way of approach to tricky questions

goktangoktan Registered Users Posts: 4 ■□□□□□□□□□
Hi,

I've a question about how to think for such a question in the exam. as you most know, this comes from ISC official guide 3rd edition. (hope it is not a problem to write this here since this part already published in google books)

-> Which of the following configurations of a WLAN’s SSID offers adequate security protection?
A. Using an obscure SSID to confuse and distract an attacker
B. Not using any SSID at all to prevent an attacker from connecting ”
C. Not broadcasting an SSID to make it harder to detect the WLAN -> this is how I would think
D. An SSID does not provide protection -> this is the claimed answer

and the answer says; “Correct answer is D. SSIDs are not for authentication.”

OK, I agree that the idea of SSID is not security nor authentication. But still it is obvious that broadcasting is a bad practice since it simply says "I'm here". (and I'm aware not saying I'm here can be considered security through obscurity, which is not good) Consider the scenario; a script kiddie who has necessary tools, is walking around to attack wlans just to gain free internet access. if there are 10 WPA2 enabled networks around where 8 of them does broadcasting, most likely he'll start from them to try his tools. This if of course not a rule or must, I know. Anyhow, I think not broadcasting the SSID will bring a "very slight increase" to security but better than nothing. And since we all know CISSP is finding out the "best" answer out of 4, I am really confused when we need to think the slight variances, when not! Again in the same book there is a section like following which backs up my idea although the answer says different.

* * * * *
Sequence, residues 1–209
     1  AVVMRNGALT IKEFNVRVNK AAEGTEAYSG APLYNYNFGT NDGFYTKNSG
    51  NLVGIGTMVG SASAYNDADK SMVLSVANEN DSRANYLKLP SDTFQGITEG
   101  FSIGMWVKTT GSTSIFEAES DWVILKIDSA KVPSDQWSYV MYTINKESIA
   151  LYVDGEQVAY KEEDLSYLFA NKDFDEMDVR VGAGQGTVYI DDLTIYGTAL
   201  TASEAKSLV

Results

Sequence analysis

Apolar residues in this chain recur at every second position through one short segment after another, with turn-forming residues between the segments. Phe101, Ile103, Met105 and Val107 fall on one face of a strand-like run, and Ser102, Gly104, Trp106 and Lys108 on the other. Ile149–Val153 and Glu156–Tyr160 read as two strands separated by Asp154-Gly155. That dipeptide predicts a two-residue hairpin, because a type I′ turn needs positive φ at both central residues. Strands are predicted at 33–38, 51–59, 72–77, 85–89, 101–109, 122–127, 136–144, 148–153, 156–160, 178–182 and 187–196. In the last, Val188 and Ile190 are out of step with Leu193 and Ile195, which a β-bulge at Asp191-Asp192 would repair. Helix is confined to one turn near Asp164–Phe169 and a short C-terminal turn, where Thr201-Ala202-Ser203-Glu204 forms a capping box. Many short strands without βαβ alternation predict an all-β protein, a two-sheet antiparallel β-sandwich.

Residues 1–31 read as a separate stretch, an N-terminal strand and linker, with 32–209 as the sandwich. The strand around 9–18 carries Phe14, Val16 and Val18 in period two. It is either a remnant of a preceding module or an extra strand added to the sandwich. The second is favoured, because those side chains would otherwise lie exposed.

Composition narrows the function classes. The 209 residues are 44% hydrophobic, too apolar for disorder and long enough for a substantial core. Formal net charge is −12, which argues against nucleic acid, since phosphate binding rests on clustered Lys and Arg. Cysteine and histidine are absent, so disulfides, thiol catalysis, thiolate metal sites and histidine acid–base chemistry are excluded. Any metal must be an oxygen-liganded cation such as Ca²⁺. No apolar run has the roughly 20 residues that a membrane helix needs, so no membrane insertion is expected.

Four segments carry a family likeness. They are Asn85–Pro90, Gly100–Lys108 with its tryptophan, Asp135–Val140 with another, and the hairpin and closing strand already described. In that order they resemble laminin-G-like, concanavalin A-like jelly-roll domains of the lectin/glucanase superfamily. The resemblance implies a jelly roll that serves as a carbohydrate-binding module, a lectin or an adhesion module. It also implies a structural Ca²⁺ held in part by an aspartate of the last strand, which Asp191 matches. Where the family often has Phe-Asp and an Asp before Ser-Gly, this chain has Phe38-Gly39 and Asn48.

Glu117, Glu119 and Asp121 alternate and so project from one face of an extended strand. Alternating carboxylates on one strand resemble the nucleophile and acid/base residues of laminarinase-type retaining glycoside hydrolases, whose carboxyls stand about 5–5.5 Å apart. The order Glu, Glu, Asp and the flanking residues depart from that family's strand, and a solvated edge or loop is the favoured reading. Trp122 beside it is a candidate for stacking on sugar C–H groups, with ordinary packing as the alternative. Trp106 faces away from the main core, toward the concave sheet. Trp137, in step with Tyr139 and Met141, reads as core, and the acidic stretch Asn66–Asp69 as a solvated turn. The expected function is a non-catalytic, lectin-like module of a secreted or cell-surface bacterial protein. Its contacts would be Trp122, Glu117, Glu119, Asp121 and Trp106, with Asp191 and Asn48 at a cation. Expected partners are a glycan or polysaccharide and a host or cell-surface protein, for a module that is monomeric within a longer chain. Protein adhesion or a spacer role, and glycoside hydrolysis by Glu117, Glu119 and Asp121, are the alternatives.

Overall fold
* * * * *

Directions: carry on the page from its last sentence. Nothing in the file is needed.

“Service Set Identifier (SSID) Broadcasting”
......


“ The downside of beaconing is that you also make your wireless network a target for attackers and freeloaders looking for a free connection.
Disabling beaconing is useful, if rudimentary, safeguard for wireless LANs, but a patient attacker can still observe the SSID as soon as another client who knows the SSID comes into range and probes the wireless network.”